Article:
Cha Wang Jun Shan Yin Zhen

Tea type
Yellow Tea
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Edit tea info Last updated by Tapiridae
Average preparation
170 °F / 76 °C 3 min, 0 sec

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  • “Mouthwatering, savory muted vegetal wash with a faintly smoky, sweet sea lettuce aftertaste. The aroma is a delicate yet captivating blend of orchid, grassy knoll at the peak of growth, iris, fresh...” Read full tasting note

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Cha Wang (Tea King) grade of Jun Shan Yin Zhen is processed using tea buds that are meticulously selected according to a set of nine rules. These rules state that the picking of the tea leaves should NOT:
be done on rainy days
be done on frosty days
pick damaged buds
pick thin buds
pick buds that are curved
pick buds that are hollow inside
pick buds that are opened or showing signs of opening
pick buds with any signs of purple color
pick buds that do not conform to standard size
In addition, the pickings must be done between the 7th to 10th days of Qing Ming Festival in early spring. Due to these stringent rules, even the most experienced tea picker could only collect about 200grams of tea buds in a day. Processing Cha Wang Jun Shan Yin Zhen requires 78-hour of non-stop work. It is one of the most tedious tea to make and can only be done by few veteran tea masters.
Other names:
Mount Jun Silver Needle (Tea King Grade)

This tea is highly refreshing and has a unique natural sweetness that is reminiscence of sweet corn. The sweet flavor is apparent even in its fourth infusion, providing that the tea is brewed correctly.

The tea buds are golden yellow and fully covered with white downs. We recommend brewing this tea using a clear glass cup, where you can easily observe the buds "dancing up and down” during infusion. In Chinese, this is called “San Qi San Luo” (3 ups and 3 downs). This happens because the buds of Jun Shan Yin Zhen have multiple layers of leaves wrapping around it, thus allowing air to be trapped between the layers.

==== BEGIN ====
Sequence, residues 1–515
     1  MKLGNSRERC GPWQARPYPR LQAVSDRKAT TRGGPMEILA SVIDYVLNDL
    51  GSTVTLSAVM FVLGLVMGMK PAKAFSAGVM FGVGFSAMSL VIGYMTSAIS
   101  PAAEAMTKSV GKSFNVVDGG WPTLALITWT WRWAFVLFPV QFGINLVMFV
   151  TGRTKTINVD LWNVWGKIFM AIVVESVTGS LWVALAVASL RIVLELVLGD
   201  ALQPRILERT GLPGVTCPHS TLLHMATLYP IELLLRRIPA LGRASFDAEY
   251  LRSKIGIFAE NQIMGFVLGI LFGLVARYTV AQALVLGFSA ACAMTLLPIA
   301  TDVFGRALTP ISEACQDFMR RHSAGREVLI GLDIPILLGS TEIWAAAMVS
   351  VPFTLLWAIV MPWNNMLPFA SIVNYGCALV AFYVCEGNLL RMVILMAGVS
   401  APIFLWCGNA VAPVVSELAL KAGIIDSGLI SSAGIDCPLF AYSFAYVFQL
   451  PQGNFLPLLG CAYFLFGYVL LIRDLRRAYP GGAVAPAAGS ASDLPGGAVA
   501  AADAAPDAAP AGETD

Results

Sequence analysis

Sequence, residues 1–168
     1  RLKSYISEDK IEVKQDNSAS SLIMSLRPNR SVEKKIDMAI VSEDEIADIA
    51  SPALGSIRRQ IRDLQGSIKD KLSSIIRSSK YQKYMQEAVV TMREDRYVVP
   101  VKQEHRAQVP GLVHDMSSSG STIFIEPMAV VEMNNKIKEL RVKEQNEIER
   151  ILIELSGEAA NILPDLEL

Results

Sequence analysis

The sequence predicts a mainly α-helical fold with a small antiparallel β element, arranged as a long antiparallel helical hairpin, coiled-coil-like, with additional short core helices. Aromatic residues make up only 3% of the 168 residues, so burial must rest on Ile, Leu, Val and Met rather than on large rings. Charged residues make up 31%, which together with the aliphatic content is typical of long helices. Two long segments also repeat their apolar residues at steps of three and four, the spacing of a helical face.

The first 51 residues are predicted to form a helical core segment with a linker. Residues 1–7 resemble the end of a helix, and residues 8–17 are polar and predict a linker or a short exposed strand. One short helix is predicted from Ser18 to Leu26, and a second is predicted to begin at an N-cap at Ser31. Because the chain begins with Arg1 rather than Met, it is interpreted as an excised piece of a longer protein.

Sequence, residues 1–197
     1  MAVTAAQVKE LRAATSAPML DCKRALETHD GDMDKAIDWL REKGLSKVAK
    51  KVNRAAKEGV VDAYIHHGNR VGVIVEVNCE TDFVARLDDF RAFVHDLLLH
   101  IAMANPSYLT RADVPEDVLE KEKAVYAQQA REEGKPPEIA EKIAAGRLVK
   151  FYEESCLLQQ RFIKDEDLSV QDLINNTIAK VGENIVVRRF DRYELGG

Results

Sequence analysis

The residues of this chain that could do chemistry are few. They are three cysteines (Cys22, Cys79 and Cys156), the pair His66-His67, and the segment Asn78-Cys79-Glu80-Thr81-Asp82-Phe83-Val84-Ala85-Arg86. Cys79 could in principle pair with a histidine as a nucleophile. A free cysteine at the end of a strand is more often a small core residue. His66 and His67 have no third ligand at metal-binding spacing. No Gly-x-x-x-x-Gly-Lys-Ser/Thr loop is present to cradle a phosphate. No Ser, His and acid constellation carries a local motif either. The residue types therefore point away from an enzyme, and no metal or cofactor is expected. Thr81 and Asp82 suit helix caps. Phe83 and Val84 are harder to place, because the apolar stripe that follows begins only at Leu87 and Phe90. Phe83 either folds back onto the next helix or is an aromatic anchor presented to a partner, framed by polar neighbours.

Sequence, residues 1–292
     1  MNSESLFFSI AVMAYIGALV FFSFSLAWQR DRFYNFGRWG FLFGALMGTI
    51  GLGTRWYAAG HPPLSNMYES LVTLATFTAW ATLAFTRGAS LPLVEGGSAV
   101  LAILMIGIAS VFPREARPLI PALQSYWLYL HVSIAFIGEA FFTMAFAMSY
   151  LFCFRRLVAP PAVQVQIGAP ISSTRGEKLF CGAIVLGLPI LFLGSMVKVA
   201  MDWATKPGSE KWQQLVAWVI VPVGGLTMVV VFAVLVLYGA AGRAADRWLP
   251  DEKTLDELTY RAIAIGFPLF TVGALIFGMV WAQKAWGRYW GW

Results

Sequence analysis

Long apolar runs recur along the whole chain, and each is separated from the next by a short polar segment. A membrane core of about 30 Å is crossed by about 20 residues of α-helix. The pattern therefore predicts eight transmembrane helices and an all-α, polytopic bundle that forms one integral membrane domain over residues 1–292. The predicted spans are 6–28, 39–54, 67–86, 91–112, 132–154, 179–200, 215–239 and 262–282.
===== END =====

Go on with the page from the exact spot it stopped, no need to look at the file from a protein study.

Jun Shan, Hunan Province

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1 Tasting Note

93 tasting notes

Mouthwatering, savory muted vegetal wash with a faintly smoky, sweet sea lettuce aftertaste. The aroma is a delicate yet captivating blend of orchid, grassy knoll at the peak of growth, iris, fresh cornbread, lightly steamed cauliflower, watermelon skin, and coconut husk. Light flavor, but shifting in profile – undeniably green with fresh hay-like qualities but floral and sweet. There’s a non-fruity fruit characteristic I liken to the feeling of stir frying squash and breathing in the surrounding steam… sort of a vaporous “ripeness” you get while exhaling some oolongs. Great body is also more comparable to oolongs than greens. Refreshing and sumptuous, this tea sort of makes you forget hunger and can supplant an afternoon meal, though it somehow accompanies food well without being lost (feels like a waste of a fine tea to drink it alongside something that will change its flavor, though).

Very forgiving to brew. I typically will infuse 4g per 165ml for 2-3 minutes in 75-80 degree C water, but can brew continuously with 3g per 500ml at 70-75 degrees C and be constantly refreshed for over 15 minutes as you drink from the infusing liquor.

Expect something smokier/meatier than a green tea when drinking this and do not be surprised that the aftertaste is more substantial than the flavor.

170 °F / 76 °C 3 min, 0 sec

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